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Adaptation as Play: The Worlds of Jules Verne Come Alive

  • Petr Bubeníček
Chapter
Part of the Palgrave Studies in Adaptation and Visual Culture book series (PSADVC)

Abstract

In this chapter, “Adaptation as Play,” shows how implicit messages could be delivered to audiences by appropriating stories officially meant for children. Karel Zeman’s films The Fabulous World of Jules Verne (1958) and The Stolen Airship (1966) could be enjoyed by children due to their adventurous and fantastical nature, but a second layer of meanings was also crafted with adult audiences in mind. The Fabulous World of Jules Verne pursues a universally comprehensible message about personal freedom, responsibility, and the dangers of uncontrolled technological progress. The Stolen Airship (1966) also treats other serious topics, such as how easily reality can be distorted through the media and the corruption of state police forces, but the overwhelmingly parodic and slapstick style of the adaptation somewhat obscures them.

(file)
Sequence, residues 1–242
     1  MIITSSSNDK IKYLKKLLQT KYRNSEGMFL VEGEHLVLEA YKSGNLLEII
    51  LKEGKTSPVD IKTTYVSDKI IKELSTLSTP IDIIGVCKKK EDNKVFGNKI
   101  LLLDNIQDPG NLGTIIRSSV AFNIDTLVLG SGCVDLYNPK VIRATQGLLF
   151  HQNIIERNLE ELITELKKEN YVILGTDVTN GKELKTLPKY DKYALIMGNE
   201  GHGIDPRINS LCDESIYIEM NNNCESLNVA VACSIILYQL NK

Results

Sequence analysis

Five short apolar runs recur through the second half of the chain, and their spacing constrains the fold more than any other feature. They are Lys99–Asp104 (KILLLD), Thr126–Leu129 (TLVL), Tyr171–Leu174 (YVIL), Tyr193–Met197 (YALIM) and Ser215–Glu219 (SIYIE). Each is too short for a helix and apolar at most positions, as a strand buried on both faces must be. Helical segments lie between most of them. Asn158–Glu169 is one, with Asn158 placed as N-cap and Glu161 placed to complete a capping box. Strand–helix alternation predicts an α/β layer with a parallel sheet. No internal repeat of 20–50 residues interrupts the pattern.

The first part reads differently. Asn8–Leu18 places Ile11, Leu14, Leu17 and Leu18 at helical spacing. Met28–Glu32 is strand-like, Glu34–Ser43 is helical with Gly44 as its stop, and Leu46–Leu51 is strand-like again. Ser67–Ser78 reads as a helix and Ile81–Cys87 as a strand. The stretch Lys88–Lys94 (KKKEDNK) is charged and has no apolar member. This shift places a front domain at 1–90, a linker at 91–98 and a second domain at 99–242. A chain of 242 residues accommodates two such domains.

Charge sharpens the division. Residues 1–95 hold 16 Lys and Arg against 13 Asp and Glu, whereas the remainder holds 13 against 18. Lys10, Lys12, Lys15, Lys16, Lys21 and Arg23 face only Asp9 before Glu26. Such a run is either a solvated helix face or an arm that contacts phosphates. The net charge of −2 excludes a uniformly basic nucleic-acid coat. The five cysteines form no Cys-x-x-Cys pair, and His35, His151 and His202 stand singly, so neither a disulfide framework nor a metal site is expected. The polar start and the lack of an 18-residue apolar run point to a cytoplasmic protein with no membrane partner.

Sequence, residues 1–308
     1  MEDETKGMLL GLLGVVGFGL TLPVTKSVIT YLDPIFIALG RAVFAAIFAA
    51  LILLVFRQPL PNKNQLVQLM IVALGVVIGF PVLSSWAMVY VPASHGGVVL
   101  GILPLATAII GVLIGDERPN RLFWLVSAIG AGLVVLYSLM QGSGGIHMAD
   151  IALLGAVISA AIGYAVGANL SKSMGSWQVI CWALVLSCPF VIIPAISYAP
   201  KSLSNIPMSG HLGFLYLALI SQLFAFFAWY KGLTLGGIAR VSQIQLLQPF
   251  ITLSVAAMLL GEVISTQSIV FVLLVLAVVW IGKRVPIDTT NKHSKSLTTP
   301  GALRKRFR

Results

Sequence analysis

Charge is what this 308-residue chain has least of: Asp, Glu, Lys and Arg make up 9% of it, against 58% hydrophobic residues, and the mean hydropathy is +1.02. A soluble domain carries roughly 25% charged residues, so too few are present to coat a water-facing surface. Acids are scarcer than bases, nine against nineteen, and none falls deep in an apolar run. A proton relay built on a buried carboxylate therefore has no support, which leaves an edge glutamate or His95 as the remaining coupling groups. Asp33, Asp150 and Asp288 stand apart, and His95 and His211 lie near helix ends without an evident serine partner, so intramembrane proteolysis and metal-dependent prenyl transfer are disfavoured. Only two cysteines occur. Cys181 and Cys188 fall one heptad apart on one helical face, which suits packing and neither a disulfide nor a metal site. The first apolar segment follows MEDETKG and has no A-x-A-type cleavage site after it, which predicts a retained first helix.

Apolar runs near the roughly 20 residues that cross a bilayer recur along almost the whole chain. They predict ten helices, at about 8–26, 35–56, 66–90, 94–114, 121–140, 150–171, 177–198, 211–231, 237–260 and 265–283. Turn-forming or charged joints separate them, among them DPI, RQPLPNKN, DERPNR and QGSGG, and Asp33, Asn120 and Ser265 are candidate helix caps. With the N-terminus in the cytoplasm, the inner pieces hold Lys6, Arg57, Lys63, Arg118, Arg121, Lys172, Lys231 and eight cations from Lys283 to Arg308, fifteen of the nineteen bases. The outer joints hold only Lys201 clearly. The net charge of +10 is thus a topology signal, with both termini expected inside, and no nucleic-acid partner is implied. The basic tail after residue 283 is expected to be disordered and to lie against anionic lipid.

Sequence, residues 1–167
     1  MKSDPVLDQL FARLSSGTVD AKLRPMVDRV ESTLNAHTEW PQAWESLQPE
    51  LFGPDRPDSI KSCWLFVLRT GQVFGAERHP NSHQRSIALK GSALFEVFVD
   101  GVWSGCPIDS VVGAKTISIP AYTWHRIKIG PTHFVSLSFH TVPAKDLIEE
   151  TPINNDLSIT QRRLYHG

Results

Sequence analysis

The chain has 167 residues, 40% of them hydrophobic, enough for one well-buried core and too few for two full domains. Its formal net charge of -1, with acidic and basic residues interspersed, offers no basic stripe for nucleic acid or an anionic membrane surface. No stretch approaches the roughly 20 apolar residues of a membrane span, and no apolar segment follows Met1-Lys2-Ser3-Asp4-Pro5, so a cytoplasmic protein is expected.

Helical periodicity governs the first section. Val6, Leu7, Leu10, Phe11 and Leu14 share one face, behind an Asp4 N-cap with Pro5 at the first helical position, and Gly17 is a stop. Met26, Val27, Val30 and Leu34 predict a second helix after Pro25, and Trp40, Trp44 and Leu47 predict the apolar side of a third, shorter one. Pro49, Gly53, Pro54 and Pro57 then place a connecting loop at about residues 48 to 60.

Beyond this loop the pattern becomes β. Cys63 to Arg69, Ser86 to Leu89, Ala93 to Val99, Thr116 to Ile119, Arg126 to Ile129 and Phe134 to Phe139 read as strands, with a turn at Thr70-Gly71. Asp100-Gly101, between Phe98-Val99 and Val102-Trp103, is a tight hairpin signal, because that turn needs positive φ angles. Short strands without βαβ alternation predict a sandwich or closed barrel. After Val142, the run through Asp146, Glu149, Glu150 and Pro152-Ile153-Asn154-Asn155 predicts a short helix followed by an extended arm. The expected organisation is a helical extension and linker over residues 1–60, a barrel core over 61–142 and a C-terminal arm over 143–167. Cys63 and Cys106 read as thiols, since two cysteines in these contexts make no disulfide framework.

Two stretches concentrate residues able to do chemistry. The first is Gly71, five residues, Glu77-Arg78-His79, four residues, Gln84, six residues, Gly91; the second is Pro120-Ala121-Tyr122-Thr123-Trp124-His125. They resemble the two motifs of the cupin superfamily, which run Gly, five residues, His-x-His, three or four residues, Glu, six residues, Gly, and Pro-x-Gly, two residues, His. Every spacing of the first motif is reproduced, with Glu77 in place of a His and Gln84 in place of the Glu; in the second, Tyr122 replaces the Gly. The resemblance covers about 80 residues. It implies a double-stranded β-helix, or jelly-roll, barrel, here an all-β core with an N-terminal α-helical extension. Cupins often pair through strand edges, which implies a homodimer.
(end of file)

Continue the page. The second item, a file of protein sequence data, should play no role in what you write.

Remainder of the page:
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Copyright information

© The Author(s) 2017

Authors and Affiliations

  1. 1.Masaryk UniversityBrnoCzech Republic

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